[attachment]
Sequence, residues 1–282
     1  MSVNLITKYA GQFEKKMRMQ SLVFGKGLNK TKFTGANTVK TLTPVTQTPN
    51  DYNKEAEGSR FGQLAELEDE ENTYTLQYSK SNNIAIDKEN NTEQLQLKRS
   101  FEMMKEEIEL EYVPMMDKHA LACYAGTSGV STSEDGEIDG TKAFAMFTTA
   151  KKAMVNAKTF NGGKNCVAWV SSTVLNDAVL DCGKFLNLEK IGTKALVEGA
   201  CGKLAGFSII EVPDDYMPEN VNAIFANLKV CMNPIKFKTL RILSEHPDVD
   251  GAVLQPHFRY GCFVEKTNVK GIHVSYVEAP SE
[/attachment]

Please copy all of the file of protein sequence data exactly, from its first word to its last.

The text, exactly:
Sequence, residues 1–282
     1  MSVNLITKYA GQFEKKMRMQ SLVFGKGLNK TKFTGANTVK TLTPVTQTPN
    51  DYNKEAEGSR FGQLAELEDE ENTYTLQYSK SNNIAIDKEN NTEQLQLKRS
   101  FEMMKEEIEL EYVPMMDKHA LACYAGTSGV STSEDGEIDG TKAFAMFTTA
   151  KKAMVNAKTF NGGKNCVAWV SSTVLNDAVL DCGKFLNLEK IGTKALVEGA
   201  CGKLAGFSII EVPDDYMPEN VNAIFANLKV CMNPIKFKTL RILSEHPDVD
   251  GAVLQPHFRY GCFVEKTNVK GIHVSYVEAP SE